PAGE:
Life has been in a bit of a funk (to say the least) for everyone the past few months. Those small, sanity-preserving pleasures such as a trip to the gym or a bar are now clouded by the knowledge that it could spread the coronavirus to someone more vulnerable to it. However, the open air appears to be the sturdiest firewall against the disease, and that’s allowed musicians like Sean Tracy Trio and Joe Barbee to take their acts from the main stage to the parking lot as they will tonight at the State Theatre.
The two artists are regular friends in Northern Virginia’s live music scene. Just a month ago, Tracy invited Barbee to the open mic he hosts at Falls Church Distillers, with it being Barbee’s first live set since the pandemic kicked off in March. Now they both have some pre-performance jitters about entertaining the crowd at the State Theatre.
“I’ll definitely be nervous,” Barbee said, whose show tonight will only be his fourth as a solo artist. “This will be the biggest show I’ve ever played, and it will also be the longest show I’ve ever played,” with the three-hour set expected to be split in half between Barbee and Tracy.
“This will absolutely be our biggest show in months, but we’re excited to play,” Tracy said separately.
Sharing seems to be a theme with these two. For one, they both work in education, with Tracy being a science teacher for Wakefield High School and Barbee working as a teachers aide for Fairfax County Public Schools when they’re not writing music. But more relevantly, they’ve both experienced the awkward transition to the “new normal” of virtual performances.
That meant taking some of Barbee’s wit and channeling that into writing a musical tribute to front line workers in his April jam, “Stay the F**k Home,” where his harmonica interludes fill the space between comedic verses. With the help of his nephew filming his performance on his phone and some musician friends based out of New York City, Barbee was able to make a music video during the initial lockdown.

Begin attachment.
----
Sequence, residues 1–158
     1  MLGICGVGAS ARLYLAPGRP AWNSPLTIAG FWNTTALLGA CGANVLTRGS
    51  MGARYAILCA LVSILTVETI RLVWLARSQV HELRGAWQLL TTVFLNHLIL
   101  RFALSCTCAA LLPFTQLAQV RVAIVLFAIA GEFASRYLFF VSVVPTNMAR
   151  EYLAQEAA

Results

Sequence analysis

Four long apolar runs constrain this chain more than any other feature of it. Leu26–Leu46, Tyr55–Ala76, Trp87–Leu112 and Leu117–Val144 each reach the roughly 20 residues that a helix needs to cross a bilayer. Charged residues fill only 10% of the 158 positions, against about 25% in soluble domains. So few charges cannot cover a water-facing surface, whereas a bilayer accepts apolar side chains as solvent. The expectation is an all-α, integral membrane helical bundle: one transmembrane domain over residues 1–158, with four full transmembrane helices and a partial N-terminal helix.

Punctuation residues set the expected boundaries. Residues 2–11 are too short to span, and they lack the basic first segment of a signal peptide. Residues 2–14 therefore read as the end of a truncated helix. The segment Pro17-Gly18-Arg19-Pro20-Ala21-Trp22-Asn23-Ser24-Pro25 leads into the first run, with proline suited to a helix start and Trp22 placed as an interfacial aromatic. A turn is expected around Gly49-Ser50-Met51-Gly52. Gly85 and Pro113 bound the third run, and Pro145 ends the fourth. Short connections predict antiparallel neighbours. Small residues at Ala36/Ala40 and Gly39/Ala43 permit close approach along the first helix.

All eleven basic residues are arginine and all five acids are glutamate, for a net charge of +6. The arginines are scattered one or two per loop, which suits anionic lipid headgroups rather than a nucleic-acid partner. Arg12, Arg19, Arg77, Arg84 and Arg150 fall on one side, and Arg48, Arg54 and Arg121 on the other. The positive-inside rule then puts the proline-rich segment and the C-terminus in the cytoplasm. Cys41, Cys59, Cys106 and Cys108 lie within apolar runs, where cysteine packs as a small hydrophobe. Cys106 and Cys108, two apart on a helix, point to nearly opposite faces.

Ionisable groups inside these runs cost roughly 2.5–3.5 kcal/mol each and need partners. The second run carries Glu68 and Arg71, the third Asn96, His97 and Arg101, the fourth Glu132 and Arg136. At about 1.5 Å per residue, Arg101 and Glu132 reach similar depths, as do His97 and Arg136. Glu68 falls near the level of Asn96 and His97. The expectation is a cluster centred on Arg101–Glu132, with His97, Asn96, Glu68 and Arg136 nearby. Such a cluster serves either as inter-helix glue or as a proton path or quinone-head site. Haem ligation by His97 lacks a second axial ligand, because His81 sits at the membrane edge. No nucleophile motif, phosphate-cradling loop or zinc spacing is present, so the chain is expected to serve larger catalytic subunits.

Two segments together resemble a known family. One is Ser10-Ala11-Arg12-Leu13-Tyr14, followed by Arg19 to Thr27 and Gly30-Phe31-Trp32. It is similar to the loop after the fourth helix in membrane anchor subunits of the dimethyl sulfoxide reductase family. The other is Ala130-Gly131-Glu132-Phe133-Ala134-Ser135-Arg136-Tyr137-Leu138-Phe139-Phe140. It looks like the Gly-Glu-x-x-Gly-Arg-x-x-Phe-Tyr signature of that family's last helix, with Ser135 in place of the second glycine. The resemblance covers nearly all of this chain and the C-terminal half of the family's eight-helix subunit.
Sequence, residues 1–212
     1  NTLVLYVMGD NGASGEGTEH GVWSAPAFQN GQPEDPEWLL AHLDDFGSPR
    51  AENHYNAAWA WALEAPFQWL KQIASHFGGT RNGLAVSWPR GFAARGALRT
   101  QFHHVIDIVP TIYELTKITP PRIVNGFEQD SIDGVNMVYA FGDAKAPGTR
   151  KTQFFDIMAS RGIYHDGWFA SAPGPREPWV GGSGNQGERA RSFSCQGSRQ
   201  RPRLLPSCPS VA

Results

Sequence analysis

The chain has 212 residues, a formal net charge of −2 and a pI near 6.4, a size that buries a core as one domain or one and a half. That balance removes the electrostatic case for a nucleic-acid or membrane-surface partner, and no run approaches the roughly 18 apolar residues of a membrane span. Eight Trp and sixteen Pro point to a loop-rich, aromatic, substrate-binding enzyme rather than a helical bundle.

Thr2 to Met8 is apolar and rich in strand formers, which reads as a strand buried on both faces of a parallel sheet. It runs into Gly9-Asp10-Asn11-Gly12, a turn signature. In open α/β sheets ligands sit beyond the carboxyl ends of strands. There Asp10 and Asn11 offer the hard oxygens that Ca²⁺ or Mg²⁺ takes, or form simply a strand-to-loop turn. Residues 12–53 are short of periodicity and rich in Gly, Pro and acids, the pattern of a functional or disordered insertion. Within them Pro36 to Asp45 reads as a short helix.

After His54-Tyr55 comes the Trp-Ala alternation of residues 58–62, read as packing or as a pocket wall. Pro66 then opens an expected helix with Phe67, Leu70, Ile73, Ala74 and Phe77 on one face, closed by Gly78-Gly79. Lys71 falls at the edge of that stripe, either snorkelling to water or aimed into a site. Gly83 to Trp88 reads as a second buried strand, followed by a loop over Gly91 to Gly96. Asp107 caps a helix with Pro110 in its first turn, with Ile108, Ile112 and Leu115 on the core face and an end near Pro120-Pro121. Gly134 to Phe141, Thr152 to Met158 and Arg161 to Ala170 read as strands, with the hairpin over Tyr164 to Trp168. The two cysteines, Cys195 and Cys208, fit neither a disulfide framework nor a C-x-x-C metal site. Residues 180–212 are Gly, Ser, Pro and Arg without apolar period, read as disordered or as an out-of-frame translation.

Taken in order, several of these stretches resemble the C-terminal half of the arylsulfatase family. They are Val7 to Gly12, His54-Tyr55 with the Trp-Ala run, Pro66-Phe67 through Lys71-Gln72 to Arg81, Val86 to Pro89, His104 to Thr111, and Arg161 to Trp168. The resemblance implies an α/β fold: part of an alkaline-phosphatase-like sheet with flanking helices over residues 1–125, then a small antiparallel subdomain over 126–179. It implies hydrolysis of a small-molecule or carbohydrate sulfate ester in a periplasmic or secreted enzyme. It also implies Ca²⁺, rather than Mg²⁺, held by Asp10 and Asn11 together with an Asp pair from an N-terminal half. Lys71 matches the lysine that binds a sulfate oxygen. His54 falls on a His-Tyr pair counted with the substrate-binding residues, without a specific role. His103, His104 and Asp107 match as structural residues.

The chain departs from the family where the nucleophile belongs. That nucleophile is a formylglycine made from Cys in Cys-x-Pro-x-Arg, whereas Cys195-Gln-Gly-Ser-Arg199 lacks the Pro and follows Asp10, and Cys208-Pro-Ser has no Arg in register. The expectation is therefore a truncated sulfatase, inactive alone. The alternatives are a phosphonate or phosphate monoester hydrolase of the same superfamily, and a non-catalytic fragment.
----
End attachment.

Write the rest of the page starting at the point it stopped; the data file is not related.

Tracy had a hard time adjusting to the lack of human connection. He participated in some livestream events over the past few months, but without an audience to react to, he feels as if he’s been flying blind.
“It’s been strange to play for just a screen. You get no feedback on how you’re doing,” Tracy said. “Just figuring out how to get the sound right and software to work and investing the time in that, it’s kind of an eye-opening experience. I’ve been taking for granted the weekly, twice weekly shows I used to have.”
Still, tonight offers them a chance to give people a reprieve from all the bad news.
Tracy will be joined by band members Matt Rehfuss on the drums and Jomil Madrid on the bass to deliver their pure rock sound. The group mixes in original songs with covers from artists such as Weezer and Tom Petty, to name a few.
While Tracy jokes that he doesn’t get booked to play his group’s original music, nor does he even have three hours of original music to perform, Barbee’s own songs are the focus of his act. He’s written about an album’s worth of material in his own “folk punk” sound that he’s workshopped since becoming a solo musician in early 2019.
He’s able to finagle his way on stage because of all the odd jobs he’s worked over the years, such as at Clarendon’s Galaxy Hut and even at the State Theatre for a time, so he has connections willing to let him on stage.
Now with both artists well-rested from the public health-enforced hiatus from Covid-19 (one of its subtle perks for them), they’re looking forward to seeing some faces in the crowd tonight.
“I just hope we get a good, decent crowd and people have fun,” Barbee said.
The State Theatre is located at 220 N. Washington St., Falls Church. The free show starts at 7 p.m.